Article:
“We kind of unbundled what had traditionally been in the local newspaper,” Bates said. “Each website has engaged newsletter followings, but they’re not website first — they’re really multi-platform brands.”
“The internet already unbundled us all, and it’s just about recognizing that,” Bates added.
For those that still like a bundle, there’s The Lede, a paid daily e-edition that’s delivered to former print subscribers of the three newspapers. Three separate editions are created daily by a dedicated team of nine journalists, each focusing on the three newspaper’s former markets. Everything is there that you’d expect — news, interactive crosswords, and even a comics section, all nicely designed to be read on a tablet.
Kelly Ann Scott, editor-in-chief and vice president of content at Alabama Media Group, said The Lede is intended to compliment AL.com and add value by featuring unique reporting that dives a little deeper into some of the issues unique to Mobile, Birmingham and Huntsville. Journalists then create a curated experience around that based on where the reader lives.
“Our industry talks a lot about local news deserts, and I think in our brains a lot of time we associate that just with the reporting done in the newspaper,” Scott said. “The Lede is one place for that, but it's also a transition to help people explore other ways we do that, too.”
The company is also launching a local investigative reporting network in Alabama, where dedicated investigative journalists will create stories and content that can flow into AL.com, The Lede and any other local initiatives they have down the road. Scott said it will be funded in part by different grants, and fully assembled, it’ll be one of the largest investigative teams in the South.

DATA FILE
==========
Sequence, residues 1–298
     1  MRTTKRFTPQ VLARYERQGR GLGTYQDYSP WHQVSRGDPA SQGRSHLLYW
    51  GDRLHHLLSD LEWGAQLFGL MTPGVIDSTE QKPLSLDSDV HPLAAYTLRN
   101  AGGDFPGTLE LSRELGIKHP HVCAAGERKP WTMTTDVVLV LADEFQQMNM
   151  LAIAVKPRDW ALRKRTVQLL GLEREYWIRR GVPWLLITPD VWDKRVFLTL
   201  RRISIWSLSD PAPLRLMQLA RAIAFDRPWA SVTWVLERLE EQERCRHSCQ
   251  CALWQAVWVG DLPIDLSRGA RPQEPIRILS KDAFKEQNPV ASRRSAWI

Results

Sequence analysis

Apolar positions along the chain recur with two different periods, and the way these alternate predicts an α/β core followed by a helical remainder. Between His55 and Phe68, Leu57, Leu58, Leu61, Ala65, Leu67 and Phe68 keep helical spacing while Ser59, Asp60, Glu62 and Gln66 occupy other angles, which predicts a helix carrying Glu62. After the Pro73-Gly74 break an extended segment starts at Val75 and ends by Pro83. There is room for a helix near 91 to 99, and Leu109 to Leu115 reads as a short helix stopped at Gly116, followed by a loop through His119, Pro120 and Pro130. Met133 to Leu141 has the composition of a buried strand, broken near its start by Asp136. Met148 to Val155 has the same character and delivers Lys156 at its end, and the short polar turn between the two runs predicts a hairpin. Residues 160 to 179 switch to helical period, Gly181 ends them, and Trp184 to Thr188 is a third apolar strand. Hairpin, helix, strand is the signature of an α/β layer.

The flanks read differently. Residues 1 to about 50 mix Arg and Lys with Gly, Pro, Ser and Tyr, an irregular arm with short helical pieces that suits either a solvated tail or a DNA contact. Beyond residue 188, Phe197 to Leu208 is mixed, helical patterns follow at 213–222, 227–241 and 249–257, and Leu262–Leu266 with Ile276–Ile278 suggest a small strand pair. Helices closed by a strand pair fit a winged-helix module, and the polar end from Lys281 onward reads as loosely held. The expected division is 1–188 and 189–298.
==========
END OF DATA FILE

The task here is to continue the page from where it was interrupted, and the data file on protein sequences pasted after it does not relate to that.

Alabama Media Group has also had success with its newsletter strategy. One of the most popular offerings is three daily obituary newsletters, delivered every morning and focused on the Birmingham, Huntsville and Mobile markets. They’ve also transitioned most of their columnists — including Pulitzer Prize-winner John Archibald and cartoonist J.D. Crowe — to newsletters, aided by a devoted audience development team.
“John likes to tell a story about how he was a Birmingham News columnist on his way to becoming the biggest name at nursing homes before he realized he could evolve and become a digital journalist,” Scott said. “The columnist [newsletters] have become popular with incredibly high open rates.”
Scott said every newsletter they launch has a three-month period where they track what does and doesn’t work in an attempt to refine the results. If an idea just doesn’t work out, Scott said they’re not afraid to ditch it and move on to a different newsletter.
Despite their successful transition from print to digital, Bates and Scott said it’s just one moment in time in a fast-moving industry where the only constant seems to be change.
“Where we stand today is not the future of five years ago,” Scott said. “News is something that now finds people, so we have to start thinking about what that next phase looks like. What does it mean when websites aren’t the thing anymore?”
Rob Tornoe is a cartoonist and columnist for Editor and Publisher, where he writes about trends in digital media. He is also a digital editor and writer for The Philadelphia Inquirer. Reach him at firstname.lastname@example.org.